Paintless Aircraft Technology in Military Aircraft

July 23, 2007 by  
Filed under Features

One of the mostly costly undertakings in maintaining a military aircraft is the painting of the aircraft. After a few years, or flights, the paint needs to be stripped off and the aircraft needs to be repainted. No mechanical work can be done to the aircraft during this procedure, so the mechanical and cosmetic maintenance is done separately. Not only does this take time and money, but every part of painting and repainting aircrafts has a negative effect on the environment. There is, however, a solution to the problem. It is Paintless Aircraft Technology.

A recent project named Joint Strike Fighter Program, or “JSFP”, was launched with various parties joining forces. The Navy, Air Force, Marine Corps, 3M Corporation and the Boeing Corporation came together to develop and test the new Painless Aircraft Technology. Ongoing flight test are being carried out with a F-16 Fighting Falcon, a S-33 Viking and a C130 Hercules. It is important to ensure that both carrier aircraft and supersonic aircraft can benefit from the technology.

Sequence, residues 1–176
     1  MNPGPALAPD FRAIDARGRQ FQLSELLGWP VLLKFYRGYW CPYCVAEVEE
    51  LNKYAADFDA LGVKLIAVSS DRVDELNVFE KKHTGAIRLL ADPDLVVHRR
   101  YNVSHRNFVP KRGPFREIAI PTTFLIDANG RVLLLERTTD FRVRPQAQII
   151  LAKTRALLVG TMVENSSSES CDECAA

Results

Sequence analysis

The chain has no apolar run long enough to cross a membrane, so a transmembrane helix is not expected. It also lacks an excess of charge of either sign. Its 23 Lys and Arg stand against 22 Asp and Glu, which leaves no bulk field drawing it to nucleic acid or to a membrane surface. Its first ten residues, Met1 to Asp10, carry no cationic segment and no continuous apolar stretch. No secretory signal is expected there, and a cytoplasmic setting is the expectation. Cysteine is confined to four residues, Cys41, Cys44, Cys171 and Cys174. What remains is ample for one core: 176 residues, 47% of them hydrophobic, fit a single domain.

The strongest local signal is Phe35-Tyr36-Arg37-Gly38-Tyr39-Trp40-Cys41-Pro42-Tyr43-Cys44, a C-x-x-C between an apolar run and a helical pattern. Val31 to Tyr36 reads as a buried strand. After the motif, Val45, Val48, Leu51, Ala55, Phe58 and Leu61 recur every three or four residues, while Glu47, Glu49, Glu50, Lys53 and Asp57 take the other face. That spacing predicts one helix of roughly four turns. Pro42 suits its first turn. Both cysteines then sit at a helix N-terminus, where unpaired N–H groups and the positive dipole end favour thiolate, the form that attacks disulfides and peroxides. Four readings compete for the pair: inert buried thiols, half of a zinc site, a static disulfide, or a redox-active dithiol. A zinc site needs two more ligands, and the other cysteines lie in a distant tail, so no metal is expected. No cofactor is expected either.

It has been proved that aircraft sometimes suffer from weight growth. This occurs when aircrafts are repainted a number of times and the paint starts to accumulate on the aircraft. Carrying extra weight can dramatically influence the performance of an aircraft. With the application of the new paintless materials, this will no longer be a concern. The paintless materials consist of a thin polymer film that can be computer generated to the exact shape and size that is needed. Application of the film reduces the time to cover an aircraft dramatically and because no hazardous materials are used during the procedure, other divisions of maintenance are able to perform their duties while the aircraft is being coated.

The paint replacement film is hoped to reduce maintenance costs, corrosion, fuel consumption and maintenance time. If painting aircrafts can be eliminated, danger to the environment can also end. Once the extensive testing of materials, the effects on the environment, vigorous flight tests and wind tunnel tests have been completed, it is hoped that this new Paintless Aircraft Technology will become the standard in the future. Improvements might even lead to the coating of vessels, who is to say? This project has already proved that there is no limit to technology and that the future is an unknown destination, waiting for people like the Joint Strike Fighter Program, to explore its possibilities.

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